5 Important Questions Before Getting a Personal Loan

By Ryan Ong | MoneySmart – Thu, Nov 22, 2012

Ah, the personal loan: Prelude to successful investing, or dialing suicide prevention. Amongst all the financial options you can choose, this one is the deadliest. Use personal loans right, and they could be the ladder out of your financial ditch. Use them wrong, and it’s like trying to put out a house fire with gasoline. In this article, we’ll look at the main considerations before taking a personal loan:

Sorry, this is a bank. We only lend money if you can prove you don’t need it.

Personal Loans vs. Other Loans

Personal loans are unsecured, high-interest loans. That makes them almost like credit cards. However, the loan tenure can span a few years: Three to five year loans (for education, renovation, etc.) are not uncommon.
Interest rates for personal loans vary widely. Depending on the loan’s tenure and quantum, the interest can range from 5.88% to over 9.5% per annum.
Personal loans are unspecific. Unlike car loans, education loans, etc., the bank just lends you money, without checking what you want it for. You just buy whatever you need.

Or frighteningly, don’t need. Personal loans are not for impulsive spenders.
Before you get a personal loan, ask yourself the following:

Would Another Type of Loan Cost Less?

Am I Investing the Money?
Will I Be Over-Leveraged for Other Loans?

Do Other Banks Offer Better Rates / Benefits?
Do Retailers Have Better Options?

1. Would Another Type of Loan Cost Less?

“Bank robbery” sounds so negative. Let’s just call it an indefinite loan tenure.

There’s a reason why we have car loans, renovation loans, and other “insert purpose here” loans.

Yes, you could get a personal loan to pay for any of those things. But specific loans tend to have lower interest rates, and carry more benefits. For example, if you already have a home loan from a bank, you can sometimes get interest free renovation loans as well. Such a renovation loan would be much cheaper than a personal loan.

If you’re self-employed, avoid using a personal loan as a de-facto business loan.

I know business loans are a pain to apply for; the credit officer asks more questions than homeland security at a dynamite store. But once approved, business loans tend to have lower interest rates compared to a personal loan.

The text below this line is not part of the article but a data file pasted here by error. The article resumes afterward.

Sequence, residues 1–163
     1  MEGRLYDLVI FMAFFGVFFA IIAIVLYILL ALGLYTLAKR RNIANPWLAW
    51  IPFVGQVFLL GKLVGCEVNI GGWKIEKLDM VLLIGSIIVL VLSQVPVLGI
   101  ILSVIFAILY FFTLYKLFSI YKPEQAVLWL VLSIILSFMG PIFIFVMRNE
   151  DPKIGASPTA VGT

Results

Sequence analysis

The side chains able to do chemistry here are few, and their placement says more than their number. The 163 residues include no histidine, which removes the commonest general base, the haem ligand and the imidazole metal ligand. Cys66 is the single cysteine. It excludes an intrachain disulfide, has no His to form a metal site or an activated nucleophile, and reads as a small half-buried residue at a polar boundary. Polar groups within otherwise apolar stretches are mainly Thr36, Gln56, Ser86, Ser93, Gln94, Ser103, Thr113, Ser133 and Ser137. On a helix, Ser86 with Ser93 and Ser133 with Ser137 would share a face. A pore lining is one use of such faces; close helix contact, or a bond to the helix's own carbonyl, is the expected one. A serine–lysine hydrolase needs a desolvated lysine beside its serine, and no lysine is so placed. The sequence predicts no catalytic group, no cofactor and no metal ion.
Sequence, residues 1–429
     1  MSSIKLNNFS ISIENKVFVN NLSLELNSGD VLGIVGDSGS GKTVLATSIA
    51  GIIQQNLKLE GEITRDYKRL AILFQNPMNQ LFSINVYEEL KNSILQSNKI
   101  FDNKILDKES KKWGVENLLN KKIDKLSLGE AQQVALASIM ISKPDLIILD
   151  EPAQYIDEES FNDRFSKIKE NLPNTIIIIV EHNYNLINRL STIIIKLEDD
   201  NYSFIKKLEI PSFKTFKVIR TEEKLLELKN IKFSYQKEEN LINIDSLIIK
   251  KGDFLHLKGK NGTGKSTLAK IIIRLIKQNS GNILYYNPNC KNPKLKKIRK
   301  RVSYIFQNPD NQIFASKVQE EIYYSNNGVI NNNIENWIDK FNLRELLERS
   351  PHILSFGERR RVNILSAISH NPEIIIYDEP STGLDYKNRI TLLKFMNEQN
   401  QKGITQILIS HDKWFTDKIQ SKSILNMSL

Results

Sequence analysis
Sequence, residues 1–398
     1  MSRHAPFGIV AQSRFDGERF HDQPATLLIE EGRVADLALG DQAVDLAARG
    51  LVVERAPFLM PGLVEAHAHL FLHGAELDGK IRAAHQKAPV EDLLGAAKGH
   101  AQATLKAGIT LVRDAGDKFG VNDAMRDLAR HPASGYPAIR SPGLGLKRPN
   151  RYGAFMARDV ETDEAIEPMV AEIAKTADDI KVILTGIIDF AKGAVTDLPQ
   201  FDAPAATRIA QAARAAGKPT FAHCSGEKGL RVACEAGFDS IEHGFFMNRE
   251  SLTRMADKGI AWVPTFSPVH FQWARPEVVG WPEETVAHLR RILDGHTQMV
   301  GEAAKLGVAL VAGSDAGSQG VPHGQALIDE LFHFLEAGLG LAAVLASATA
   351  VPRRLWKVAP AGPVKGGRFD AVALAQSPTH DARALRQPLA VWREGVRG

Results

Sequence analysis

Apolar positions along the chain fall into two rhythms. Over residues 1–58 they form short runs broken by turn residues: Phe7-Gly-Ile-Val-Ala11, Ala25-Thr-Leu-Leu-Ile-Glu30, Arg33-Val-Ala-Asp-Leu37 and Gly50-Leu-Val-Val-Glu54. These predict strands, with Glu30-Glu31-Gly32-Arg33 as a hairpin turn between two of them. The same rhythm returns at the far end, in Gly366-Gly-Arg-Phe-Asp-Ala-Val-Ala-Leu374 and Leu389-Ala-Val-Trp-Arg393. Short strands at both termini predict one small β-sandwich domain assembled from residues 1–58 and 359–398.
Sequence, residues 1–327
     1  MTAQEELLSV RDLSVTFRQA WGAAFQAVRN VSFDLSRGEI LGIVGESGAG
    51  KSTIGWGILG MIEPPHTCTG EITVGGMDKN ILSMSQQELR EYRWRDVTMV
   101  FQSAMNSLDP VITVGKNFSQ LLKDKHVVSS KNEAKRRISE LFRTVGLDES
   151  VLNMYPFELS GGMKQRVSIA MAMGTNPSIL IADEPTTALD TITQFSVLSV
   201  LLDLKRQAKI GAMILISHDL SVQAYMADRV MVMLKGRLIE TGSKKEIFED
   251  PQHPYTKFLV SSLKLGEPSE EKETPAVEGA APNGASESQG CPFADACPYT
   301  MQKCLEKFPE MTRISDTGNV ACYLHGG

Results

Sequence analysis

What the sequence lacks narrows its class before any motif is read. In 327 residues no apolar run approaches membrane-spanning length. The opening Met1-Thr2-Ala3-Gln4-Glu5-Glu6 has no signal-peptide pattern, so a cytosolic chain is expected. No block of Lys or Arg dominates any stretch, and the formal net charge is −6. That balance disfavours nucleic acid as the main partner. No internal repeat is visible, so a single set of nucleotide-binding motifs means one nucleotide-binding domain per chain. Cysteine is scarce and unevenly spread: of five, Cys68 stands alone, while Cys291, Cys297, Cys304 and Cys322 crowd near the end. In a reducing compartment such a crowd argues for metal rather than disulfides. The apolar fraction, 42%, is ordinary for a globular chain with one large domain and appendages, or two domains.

No one can stop you taking a personal loan, and then pumping the money into your business. But before you do that, at least try to discuss business loans with the bank.

2. Am I Investing the Money?

Ah, this must be where the personal loans forms belong.

Are you taking a personal loan to buy stocks, gold, or make some sort of investment? Yes?

Then I encourage you try safer activities. Like chainsaw juggling or naked bear wrestling, both of which are significantly less dangerous.

Understand that you can never raise capital by taking personal loans. You’re really just leveraging your financial future. Also, few investments appreciate faster than a personal loan’s interest rate (around 6% per annum). Even if you don’t go broke, you will probably incur a loss.

3. Will I Be Over-Leveraged for Other Loans?

It’s declined. Two of our staff herniated themselves picking up your previous loans.

Avoid taking a personal loan within three months of other loan applications. Take, for example, a home loan.

Let’s say you’re intending to buy a house next month, and haven’t gotten a home loan yet. You also need 20% down-payment for the house, which can’t be covered by the home loan. So you apply for a personal loan, to cover the 20%, and it’s approved. After the personal loan is approved, you apply for the home loan.

The bank then checks your DSR (debt servicing ratio). DSR measures your income against your overheads: If your DSR exceeds 50%, most banks won’t approve your home loan.

Speaking of which, you know what add to overheads? Stuff like personal loans. Your personal loan will worsen your DSR. And when it does, you can’t borrow as much as you’d like.

4. Do Other Banks Offer Better Rates / Benefits?
As I mentioned, different banks offer different interest rates and benefits. Examples are “interest free” months, or lower interest for existing customers.
To find out which bank has the best offer for you, call them and compare their offers. You can also use loan comparison sites like SmartLoans.sg.

5. Do Retailers Have Better Options?

Can we work out an installment plan? Because I’m buying for the MoneySmart staff.

The following is from Interior Designer Hedy Chua:

“Many furniture stores can give you interest-free hire-purchase. Especially if you have a contractor or a designer, many of us (designers and contractors) have contacts for sourcing furniture, fittings, and so on.

I believe if you can get such interest-free hire-purchase deals, and you can top up some cash, you may not even need a renovation loan.”

Likewise, if you’re buying something expensive (e.g. piano), see if the retailer has an installment plan. This might turn out to be cheaper than the bank’s personal loan.

Source:  www.MoneySmart.sg

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